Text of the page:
2 of 4 people found the following review helpful
A stylish latter-day EM Forster,
This review is from: The Memory of Lost Senses (Paperback)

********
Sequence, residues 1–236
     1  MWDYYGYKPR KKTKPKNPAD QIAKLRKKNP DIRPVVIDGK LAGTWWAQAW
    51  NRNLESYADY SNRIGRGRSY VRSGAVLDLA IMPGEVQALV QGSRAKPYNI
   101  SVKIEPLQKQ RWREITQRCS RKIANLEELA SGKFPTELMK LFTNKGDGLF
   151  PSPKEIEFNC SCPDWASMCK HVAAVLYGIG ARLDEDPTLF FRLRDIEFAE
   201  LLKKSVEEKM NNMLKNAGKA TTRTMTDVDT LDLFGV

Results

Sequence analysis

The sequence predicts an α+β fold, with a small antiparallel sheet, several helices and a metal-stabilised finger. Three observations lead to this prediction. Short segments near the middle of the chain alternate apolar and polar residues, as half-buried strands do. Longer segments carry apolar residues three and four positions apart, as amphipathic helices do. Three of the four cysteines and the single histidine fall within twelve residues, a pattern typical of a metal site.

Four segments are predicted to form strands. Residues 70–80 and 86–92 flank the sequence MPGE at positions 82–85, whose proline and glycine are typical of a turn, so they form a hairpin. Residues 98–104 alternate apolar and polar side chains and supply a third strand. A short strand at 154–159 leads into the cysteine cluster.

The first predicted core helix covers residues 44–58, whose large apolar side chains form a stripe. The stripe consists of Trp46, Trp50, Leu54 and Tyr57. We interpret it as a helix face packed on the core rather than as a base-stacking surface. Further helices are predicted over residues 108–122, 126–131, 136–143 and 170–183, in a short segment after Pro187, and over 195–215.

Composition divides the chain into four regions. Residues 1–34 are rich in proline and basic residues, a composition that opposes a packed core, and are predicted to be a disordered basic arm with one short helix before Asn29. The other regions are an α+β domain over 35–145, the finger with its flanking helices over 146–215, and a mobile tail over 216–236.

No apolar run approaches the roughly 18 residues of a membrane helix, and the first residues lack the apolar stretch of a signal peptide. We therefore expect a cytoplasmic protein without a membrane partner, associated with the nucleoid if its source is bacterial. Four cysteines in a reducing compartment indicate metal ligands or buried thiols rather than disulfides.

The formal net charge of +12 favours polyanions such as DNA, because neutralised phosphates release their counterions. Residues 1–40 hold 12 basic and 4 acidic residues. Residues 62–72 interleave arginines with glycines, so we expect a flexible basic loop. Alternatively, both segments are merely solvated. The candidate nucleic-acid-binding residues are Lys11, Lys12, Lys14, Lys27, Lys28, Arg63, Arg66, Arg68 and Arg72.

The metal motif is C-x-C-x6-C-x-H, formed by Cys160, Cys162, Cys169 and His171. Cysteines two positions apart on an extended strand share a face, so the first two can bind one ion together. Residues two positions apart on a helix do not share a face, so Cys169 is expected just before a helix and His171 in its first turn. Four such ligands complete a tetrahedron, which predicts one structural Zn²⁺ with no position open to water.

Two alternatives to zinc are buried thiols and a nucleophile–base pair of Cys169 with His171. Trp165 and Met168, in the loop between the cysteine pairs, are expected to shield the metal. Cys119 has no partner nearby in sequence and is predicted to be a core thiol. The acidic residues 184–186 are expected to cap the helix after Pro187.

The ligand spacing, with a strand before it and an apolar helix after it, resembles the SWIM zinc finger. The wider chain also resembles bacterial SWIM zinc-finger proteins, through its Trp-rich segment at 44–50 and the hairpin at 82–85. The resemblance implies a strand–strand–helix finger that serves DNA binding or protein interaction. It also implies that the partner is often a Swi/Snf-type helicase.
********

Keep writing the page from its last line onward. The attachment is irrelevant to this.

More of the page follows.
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With its pre-WW1, late Edwardian golden age setting, including locations in Paris and Rome, and its examinations of English upper middle class society values, it's difficult not to see this as re-examination of themes in works such as A Room with a View, but seen through a more modern feminist lens. It is however very deftly and subtly done, as the author does not make her points too heavily or clumsily, and allows the reader to compare and contrast the differing women involved and their attitudes to love and romance. There is a degree of mystery to the plot, in relation to the earlier life of the elder main character, and about what is known to her spinster friend about it all, but that is not the main crux of the book, nor the main pleasure in reading it. I was not entirely convinced by some aspects of the plotting, but that is minor criticism. I would recommend this to readers with a fondness for earlier authors whose fiction is placed in that period, such as Henry James or Edith Wharton; although she is not deliberately imitating their writing style, she is covering some of the same psychological and emotional as well as historical territory, and does it well.